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Recurrent Implantation Failure – solutions & success stories

Vladimiro Silva, PharmD
Embryologist, CEO, Founder & IVF Lab Director at Ferticentro, Ferticentro

Embryo Implantation, Success Stories

From this video you will find out:
  • What does recurrent implantation failure mean? What causes it?
  • What can be done to prevent it? Is PGT-A always recommended in such situations?
  • What should be evaluated when it comes to endometrium receptiveness?
  • How is the ERA test performed?
  • Why does the microbiome matter? What are the tests available to check the microbiome?
  • In which cases, can hysteroscopy help?
  • What about immune and haematological tests?

What are the diagnostic and therapeutic options in recurrent implantation failure?

In this session, Vladimiro Silva, PharmD, Embryologist, Founder & IVF Lab Director at Ferticentro, Coimbra, Portugal, has talked about repeated implantation failures. Dr Silva explained the main causes, treatment solutions and outcomes, all based on real-life patients’ cases.

What are the diagnostic and therapeutic options in recurrent implantation failure? - Questions and Answers

I’m going to do IVF this month. I’m 43, and I don’t ovulate anymore. I have two daughters, but we want to have one more. I’m afraid of failure. Anything you can advise?

I don’t know if you’re doing IVF with your own eggs or with donor eggs, but the first thing we have to do is assess your ovarian reserve to see if your ovaries are still working. If they are still working, we should use an aggressive ovarian stimulation cycle as soon as possible. If you are willing to do that, we can even do more than one stimulation to accumulate eggs. With donor eggs, the odds immediately climb up to 60% or maybe 70%,  depending on the context of the patients. You have two positive factors in your favour. First, you already have two daughters, so you have proven that you’re capable of receiving an embryo and implanting an embryo and taking a pregnancy to term, and you have done that twice. I don’t know if the father is the same or not, but if so, your partner has already proven that he’s a fertile person. In principle, I wouldn’t advise you to do any further tests because you have everything to become a good prognosis patient. My advice would be to just move on with egg donation, create the embryos, do a standard protocol because, in principle, this seems to be a good prognosis case.

I was wondering if you recommend mini-IVF for patients over 40? My first IVF failed. I’m 40, my AMH is 0.83, and my FSH is 4.7. I ended up with 7 eggs and 2 day-3 embryos that didn’t implant. I’m wondering if a lower stimulation might produce a better egg quality.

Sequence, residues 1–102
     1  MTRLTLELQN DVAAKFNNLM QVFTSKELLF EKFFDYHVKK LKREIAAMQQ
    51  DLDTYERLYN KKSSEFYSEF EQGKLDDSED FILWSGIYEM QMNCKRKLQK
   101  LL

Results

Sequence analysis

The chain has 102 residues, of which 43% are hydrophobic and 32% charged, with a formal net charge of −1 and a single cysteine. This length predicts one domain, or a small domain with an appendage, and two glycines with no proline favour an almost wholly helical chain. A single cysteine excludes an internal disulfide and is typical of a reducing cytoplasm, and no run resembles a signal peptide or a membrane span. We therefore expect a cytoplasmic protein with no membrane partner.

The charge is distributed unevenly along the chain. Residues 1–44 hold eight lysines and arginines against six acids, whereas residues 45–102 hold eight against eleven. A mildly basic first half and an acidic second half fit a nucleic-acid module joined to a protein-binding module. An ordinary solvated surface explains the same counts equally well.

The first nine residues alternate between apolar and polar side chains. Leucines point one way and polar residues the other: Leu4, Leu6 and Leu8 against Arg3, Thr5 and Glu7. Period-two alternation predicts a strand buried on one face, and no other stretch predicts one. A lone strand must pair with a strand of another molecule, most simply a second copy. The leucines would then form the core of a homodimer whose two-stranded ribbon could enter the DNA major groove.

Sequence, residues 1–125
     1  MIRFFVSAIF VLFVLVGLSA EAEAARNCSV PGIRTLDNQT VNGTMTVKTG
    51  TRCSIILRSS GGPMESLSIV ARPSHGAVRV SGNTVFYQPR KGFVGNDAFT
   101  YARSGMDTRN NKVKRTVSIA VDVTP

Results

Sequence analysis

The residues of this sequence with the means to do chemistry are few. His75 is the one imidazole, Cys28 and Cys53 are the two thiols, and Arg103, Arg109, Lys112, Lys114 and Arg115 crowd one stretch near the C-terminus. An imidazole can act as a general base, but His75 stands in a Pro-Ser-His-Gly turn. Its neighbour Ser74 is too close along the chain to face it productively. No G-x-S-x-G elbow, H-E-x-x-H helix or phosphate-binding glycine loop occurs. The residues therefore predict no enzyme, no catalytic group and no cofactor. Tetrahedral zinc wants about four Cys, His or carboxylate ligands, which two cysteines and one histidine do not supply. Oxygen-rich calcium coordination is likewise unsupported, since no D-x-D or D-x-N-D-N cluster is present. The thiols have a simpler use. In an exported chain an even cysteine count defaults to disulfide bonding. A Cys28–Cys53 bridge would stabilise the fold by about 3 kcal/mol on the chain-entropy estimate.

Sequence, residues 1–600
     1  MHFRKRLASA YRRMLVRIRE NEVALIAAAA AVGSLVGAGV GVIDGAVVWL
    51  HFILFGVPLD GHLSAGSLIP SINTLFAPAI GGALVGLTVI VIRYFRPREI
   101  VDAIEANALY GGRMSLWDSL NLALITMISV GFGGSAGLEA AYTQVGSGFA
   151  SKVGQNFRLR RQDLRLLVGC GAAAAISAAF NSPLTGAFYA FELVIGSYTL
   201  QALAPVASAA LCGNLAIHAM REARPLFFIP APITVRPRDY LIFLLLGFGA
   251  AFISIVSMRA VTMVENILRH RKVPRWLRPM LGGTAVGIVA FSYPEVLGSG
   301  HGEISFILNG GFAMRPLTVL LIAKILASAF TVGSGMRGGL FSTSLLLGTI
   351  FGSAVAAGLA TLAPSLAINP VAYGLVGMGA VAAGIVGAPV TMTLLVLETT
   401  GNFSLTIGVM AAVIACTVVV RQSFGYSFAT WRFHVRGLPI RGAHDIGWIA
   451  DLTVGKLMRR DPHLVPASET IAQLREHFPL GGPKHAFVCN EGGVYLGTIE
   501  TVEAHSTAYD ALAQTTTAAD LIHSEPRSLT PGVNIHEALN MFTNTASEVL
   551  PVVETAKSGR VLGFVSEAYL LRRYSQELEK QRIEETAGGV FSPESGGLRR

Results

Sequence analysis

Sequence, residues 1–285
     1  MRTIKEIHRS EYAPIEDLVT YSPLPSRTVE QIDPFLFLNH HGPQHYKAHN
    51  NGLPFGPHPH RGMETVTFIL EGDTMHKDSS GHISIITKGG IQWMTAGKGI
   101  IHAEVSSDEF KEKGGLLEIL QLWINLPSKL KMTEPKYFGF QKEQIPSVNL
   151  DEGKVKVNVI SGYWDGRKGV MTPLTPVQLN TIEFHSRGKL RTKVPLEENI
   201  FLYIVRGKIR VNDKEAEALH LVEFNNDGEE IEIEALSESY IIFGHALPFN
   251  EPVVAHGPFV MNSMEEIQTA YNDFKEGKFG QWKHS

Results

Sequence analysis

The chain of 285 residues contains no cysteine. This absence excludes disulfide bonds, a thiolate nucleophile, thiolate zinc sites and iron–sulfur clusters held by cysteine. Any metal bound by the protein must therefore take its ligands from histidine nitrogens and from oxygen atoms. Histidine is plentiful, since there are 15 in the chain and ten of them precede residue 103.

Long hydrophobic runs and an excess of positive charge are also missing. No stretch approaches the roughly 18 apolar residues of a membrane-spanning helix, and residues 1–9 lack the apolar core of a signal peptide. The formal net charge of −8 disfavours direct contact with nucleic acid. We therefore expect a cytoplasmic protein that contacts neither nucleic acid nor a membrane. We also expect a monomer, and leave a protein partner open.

You had 2 day-3 embryos, we don’t know whether they would make it to the blastocysts stage or not. Assuming they wouldn’t because the pregnancy result was negative, I think the only way is to try. On the other hand, with 0.83 of AMH and 4.7 of FSH despite being 40, I think it still makes sense to try conventional IVF with a more aggressive ovarian stimulation. We can also perform pre-implantation genetic testing for aneuploidies (PGT-A), but if you can’t do this or don’t want to do it or if it’s too expensive, we can also try the mini IVF. Mini IVF was a technique that everybody was talking about 10 years ago or so. Theoretically speaking, we could obtain just 1 or 2 eggs of better quality instead of 7, for example, as you mention here with the lower quality. Nowadays, the tendency worldwide is the more eggs we can get, the better. I think it’s a respectable strategy, at our clinic (Ferticentro), we usually don’t do it, we prefer to try a more aggressive stimulation in these circumstances because, in our experience, it works better.

In Colombia, the medication used for endometrial preparations is changed every month. Can combined estrogen preparation with transdermal patches, gel and spray affect the window of implantation and pregnancy rates instead of the oral estrogens?

The window of implantation is more about the progesterone, it’s not so much about the estrogen. The principle behind the ERA test and other tests are that under the same type of protocol, the women’s endometrium will behave the same way. Before they started doing this test, they were tested in thousands of patients,  they have confirmed that the cycles were reproductive. The women’s uterus will respond the same way to the same type of strategies. Our advice is to try to do things the same, so if you start with transdermal patches, you should stay with them. If you start with tablets, you should stay with tablets and so on. It is never good to change the way of administration of the estrogen from one cycle to the other, but still, the estrogen is not the critical factor. What I would change is the way of implantation of the progesterone. If you’re using injectable progesterone, you should always keep injectable progesterone. If you’re using it in gel, you should keep it in the gel. If you are using it on tablets, as we do in Portugal, you should stay with tablets. If you can, keep the same strategy. If you cannot because medicines are not available, don’t worry too much, as long as you can keep the progesterone way of administration in steady dosage and the way of administration.